Viking Woman’s Brooches

In the graves of Norse women, two styles of brooches are often found: matched oval brooches and circular brooches.  The matched oval brooches are very distinct to the Scandinavian context, and their presence in a grave is a good indicator that the interred individual was a Norse woman.  The richness of the graves further indicates that the paired brooches were indicative of marriage amongst wealthy women.

Examples of this style of brooch can be found displayed at the Lofotr Viking Museum (TS9669 a+b. Tromsø Musuem, UiT). One of these examples still has traces of its original silver gilding. These brooches were found in Sund on Falstadøya, the island immediately to the west of Vestvågøy. Approximately 1650 brooches have been discovered in Northern Norway, about seventeen of which have been from Vestvågøy, according to the artifact database Unimus.
The craftsmanship of oval brooches has been noted to undergo an apparent decline over the course of the Viking Age, which may be tied to a changing wear style, in which the brooches were covered by a shawl more frequently and thus their appearance became less important. It is also possible, though less likely, that greater demand for the jewellery led to craftsmen cutting corners to furnish sufficient supply.
In the dress of a particularly wealthy woman, an overdress could be worn with a pair of oval brooches at the shoulders, while the neck of the underdress was secured by a smaller round brooch. The singular brooch could also be used to secure a shawl, rather than the underdress. (Roesdahl, The Vikings, p. 38) An example of a woman’s round brooch on display here at Lofotr (TS4460b. Tromsø Musuem, UiT), found in Kvalnes on the northern coast of Vestvågøy. This brooch, is approximately two inches in diameter, and bears intricate, moulded designs on its surface.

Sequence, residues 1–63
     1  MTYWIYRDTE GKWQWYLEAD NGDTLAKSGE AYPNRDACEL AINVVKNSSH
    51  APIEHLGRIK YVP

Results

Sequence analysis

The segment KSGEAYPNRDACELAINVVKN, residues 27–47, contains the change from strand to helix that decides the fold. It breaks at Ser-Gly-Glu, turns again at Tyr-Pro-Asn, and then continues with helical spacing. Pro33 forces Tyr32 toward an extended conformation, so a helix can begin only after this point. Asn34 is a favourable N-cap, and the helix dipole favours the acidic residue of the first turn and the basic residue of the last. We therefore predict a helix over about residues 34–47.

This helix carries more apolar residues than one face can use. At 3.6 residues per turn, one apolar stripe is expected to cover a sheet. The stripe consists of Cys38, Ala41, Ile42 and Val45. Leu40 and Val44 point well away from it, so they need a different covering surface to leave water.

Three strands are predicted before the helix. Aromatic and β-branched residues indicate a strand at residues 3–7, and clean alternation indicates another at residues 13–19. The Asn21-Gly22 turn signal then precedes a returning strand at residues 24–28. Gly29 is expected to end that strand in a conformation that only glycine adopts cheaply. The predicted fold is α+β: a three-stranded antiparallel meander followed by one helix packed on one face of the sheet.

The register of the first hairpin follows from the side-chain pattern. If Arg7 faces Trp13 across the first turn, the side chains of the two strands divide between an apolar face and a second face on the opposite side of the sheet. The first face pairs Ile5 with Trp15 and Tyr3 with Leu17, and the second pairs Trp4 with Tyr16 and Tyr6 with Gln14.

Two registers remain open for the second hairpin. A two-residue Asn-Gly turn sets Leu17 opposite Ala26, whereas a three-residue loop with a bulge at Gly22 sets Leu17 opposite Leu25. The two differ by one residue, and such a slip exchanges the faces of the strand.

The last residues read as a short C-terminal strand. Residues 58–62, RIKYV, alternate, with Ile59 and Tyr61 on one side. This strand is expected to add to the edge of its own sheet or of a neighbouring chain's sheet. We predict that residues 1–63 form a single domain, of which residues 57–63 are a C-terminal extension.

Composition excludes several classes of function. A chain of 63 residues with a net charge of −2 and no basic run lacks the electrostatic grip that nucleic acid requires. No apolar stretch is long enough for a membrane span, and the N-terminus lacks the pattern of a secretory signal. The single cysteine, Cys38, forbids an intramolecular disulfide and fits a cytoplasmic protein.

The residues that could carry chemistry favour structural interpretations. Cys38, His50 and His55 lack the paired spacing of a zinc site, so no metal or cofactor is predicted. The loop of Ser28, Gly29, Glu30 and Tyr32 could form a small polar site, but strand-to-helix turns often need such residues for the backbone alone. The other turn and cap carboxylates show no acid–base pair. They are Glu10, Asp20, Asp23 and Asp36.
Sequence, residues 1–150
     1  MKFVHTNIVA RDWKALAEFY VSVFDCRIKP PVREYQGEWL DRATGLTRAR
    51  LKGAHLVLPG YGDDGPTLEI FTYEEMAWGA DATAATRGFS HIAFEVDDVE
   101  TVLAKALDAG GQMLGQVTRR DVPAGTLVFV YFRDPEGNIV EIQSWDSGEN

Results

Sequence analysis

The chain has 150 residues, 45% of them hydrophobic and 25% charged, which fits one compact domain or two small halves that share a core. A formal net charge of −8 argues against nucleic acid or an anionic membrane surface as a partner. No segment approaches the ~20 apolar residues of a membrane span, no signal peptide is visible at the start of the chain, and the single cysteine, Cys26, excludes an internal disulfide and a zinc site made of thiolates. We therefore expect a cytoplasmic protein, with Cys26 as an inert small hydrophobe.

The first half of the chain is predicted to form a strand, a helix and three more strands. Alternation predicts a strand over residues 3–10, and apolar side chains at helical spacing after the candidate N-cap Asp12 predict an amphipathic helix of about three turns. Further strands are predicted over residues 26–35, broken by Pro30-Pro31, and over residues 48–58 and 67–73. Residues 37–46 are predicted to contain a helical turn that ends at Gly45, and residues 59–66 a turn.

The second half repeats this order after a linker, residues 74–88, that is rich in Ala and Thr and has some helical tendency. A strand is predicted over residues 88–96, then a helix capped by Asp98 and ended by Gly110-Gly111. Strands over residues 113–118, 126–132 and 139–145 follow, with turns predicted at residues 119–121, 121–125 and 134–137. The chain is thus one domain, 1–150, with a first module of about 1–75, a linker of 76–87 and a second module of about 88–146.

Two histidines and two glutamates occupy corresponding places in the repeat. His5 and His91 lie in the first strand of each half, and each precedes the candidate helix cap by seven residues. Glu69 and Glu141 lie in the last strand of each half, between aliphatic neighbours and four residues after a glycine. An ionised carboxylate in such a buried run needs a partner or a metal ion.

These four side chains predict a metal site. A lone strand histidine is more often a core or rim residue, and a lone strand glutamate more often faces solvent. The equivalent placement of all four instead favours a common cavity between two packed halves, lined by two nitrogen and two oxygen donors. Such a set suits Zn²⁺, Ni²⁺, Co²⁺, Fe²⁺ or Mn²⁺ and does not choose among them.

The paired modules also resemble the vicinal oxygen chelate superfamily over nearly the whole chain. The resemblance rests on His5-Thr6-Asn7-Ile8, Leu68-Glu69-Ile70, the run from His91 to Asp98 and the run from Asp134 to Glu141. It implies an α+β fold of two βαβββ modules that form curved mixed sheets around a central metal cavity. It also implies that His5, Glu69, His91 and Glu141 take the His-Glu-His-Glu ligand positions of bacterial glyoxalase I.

The wearing of two types of brooches survives into the present day in the bunad of modern Norway, with small round brooches referred to as knappar (buttons) while larger ones are given the name sølvar. The typical Norse man’s brooch, the penannular type, was known to be worn by women on occasions, though it was fairly rare. It is possible that the wearing of the penannular brooch by women was a sentimental act, possibly representing a husband now deceased or away on a voyage.


Almgren, Bertil, et al. The Viking. Northern Book, Gothenberg. 1995. 

Ewing, Thor. Viking Clothing, Tempus Publishing Limited, Stroud, Gloucestershire. 2006. 

Roesdahl, Else. The Vikings.  Penguin Books, New York. 1992. 

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Lofotr Viking Museum

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